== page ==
While Lloyd was there, Gonzaga brought in players from every continent except Antarctica.
He has never counted exactly how many countries he has visited, but he estimates it is at least 50. His favorite international trip was to Crete for the 2019 World Schools Championship. He was able to take his family, including his son, Liam, who played for Grand Canyon University this season, and daughters, Sofia and Maria.
His most arduous travel, though, came during a trip to Paris when the Icelandic volcano Eyjafjallajokull erupted in 2010.
“I was stuck over there for a week,” he said. “Had a bunch of flights canceled, crowded trains, rental cars, and we survived. Got a couple of players on that trip.”
Though Lloyd deflected several job feelers over the years, he said the Arizona fit was a natural — particularly because the Wildcats’ roster was already stocked with internationals. He inherited six holdovers who had been recruited by Miller: Mathurin, Koloko, Kriisa, Pelle Larsson from Sweden (who speaks Swedish and English) and the Tubelis brothers. Ballo followed Lloyd to Arizona from Gonzaga, and the coach also imported Adama Bal from France. He speaks French, English and Wolof.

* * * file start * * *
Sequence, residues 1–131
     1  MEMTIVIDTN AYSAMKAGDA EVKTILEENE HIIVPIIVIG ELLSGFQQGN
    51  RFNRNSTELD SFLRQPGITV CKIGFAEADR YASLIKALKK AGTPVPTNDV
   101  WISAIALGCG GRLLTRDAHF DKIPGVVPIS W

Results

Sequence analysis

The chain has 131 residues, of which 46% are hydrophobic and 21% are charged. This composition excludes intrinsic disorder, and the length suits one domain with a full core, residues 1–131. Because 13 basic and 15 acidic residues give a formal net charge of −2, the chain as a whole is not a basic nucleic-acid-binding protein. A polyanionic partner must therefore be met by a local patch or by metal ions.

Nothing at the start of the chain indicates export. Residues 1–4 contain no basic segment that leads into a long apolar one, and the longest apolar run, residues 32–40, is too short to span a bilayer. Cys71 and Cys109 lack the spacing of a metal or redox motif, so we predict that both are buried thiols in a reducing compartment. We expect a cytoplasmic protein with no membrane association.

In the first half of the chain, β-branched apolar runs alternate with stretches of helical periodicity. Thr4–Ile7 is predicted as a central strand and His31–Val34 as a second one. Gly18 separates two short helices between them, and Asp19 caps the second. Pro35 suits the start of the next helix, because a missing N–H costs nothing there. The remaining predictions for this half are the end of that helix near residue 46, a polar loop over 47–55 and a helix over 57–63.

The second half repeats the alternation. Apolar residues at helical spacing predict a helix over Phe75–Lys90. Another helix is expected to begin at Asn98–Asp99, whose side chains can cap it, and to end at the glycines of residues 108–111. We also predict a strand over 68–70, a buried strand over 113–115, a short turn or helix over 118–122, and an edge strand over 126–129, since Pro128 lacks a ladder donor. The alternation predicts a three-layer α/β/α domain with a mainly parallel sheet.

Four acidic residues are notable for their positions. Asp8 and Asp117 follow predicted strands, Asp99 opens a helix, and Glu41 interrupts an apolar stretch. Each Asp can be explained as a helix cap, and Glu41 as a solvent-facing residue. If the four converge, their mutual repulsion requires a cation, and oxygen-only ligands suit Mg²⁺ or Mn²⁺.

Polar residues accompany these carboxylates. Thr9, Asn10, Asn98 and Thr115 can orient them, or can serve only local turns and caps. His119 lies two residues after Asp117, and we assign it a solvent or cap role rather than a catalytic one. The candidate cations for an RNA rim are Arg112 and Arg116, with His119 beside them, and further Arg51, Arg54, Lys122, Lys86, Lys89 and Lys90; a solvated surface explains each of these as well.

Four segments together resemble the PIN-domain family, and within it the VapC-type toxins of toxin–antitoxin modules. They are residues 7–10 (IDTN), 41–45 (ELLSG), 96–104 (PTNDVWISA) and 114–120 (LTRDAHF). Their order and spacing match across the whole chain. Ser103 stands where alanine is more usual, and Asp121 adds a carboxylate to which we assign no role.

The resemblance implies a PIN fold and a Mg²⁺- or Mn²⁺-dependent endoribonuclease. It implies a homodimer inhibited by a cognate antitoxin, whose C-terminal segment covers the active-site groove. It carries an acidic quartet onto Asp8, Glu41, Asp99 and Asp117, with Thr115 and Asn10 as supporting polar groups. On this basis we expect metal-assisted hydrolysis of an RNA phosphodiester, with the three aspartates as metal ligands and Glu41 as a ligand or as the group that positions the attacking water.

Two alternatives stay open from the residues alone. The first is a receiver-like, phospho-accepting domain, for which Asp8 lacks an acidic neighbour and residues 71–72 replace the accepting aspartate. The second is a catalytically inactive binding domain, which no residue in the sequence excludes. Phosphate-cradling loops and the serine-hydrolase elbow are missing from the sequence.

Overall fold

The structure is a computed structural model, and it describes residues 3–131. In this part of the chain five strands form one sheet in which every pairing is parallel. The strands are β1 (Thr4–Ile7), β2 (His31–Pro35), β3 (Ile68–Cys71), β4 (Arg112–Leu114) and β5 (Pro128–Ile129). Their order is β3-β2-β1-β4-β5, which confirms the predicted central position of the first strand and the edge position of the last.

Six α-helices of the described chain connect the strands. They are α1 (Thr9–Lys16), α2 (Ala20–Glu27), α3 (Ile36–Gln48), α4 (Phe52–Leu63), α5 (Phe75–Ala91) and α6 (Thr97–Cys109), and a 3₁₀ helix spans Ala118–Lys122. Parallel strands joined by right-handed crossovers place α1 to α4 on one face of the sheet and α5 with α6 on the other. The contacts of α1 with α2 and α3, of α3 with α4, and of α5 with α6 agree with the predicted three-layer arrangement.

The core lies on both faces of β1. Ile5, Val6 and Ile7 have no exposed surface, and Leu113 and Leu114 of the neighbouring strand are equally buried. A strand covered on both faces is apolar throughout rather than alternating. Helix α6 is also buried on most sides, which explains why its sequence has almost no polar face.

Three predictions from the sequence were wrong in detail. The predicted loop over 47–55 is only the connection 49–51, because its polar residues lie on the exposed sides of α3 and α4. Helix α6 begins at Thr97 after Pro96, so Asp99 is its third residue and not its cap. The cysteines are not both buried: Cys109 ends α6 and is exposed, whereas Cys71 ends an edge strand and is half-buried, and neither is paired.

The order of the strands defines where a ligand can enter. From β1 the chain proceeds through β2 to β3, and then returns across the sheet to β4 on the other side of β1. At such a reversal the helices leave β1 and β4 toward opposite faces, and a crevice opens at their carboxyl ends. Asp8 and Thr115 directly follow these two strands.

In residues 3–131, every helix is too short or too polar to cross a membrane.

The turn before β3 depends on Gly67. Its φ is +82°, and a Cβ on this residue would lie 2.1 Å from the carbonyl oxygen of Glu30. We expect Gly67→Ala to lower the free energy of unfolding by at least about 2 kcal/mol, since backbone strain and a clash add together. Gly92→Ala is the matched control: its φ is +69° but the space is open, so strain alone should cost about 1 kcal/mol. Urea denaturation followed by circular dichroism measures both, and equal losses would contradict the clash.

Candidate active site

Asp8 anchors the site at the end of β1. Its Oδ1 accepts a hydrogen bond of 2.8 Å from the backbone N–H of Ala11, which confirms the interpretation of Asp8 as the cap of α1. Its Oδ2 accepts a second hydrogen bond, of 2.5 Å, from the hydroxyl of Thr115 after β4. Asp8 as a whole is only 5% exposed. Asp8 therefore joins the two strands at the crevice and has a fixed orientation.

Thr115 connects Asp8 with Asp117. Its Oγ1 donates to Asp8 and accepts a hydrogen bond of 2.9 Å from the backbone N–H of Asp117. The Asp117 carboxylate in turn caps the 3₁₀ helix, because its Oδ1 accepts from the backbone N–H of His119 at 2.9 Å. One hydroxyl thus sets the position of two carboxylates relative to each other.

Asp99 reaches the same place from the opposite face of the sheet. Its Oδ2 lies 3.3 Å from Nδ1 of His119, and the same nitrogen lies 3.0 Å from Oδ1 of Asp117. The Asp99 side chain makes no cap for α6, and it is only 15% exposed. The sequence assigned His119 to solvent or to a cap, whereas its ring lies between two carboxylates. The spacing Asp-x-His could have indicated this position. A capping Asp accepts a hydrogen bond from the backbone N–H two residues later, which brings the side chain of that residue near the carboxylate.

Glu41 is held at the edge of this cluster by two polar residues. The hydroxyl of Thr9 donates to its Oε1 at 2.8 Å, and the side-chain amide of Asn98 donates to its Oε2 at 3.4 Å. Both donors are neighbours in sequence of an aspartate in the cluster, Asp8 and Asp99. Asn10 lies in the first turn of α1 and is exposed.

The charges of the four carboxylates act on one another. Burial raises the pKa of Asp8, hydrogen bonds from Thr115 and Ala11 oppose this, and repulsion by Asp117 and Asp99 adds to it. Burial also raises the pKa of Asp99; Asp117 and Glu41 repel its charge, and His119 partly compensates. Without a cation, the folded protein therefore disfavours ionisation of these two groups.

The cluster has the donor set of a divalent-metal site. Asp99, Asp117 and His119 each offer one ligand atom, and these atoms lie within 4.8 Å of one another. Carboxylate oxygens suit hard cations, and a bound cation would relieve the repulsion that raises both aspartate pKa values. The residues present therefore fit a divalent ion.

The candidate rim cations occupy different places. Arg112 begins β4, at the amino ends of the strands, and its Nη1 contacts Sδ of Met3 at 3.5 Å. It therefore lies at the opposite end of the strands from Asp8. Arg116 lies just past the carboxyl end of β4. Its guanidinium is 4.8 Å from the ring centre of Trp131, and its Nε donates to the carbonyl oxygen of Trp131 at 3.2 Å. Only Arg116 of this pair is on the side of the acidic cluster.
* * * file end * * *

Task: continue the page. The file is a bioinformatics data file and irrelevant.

Lloyd was familiar with the Arizona holdovers and credited that with helping him retain them.
“That’s the one thing people don’t talk about in college basketball today,” Lloyd said. “Especially last year was the first year that you get a job, everybody’s a free agent. Everybody can transfer and play right away. There’s no waiver needed. You had to really go in and re-recruit.”
There was no full-court press needed to retain Mathurin, who was familiar with Lloyd’s work.
“I watched a lot of games when he was at Gonzaga, and just the players he brought through his program and the style of play he’s playing,” Mathurin said. “I feel it was a great fit to me as well and to the international players on my team.”
Azuolas Tubelis said: “It was easy for me because he is easy to understand and he understands me. So we are just on the same page every time.”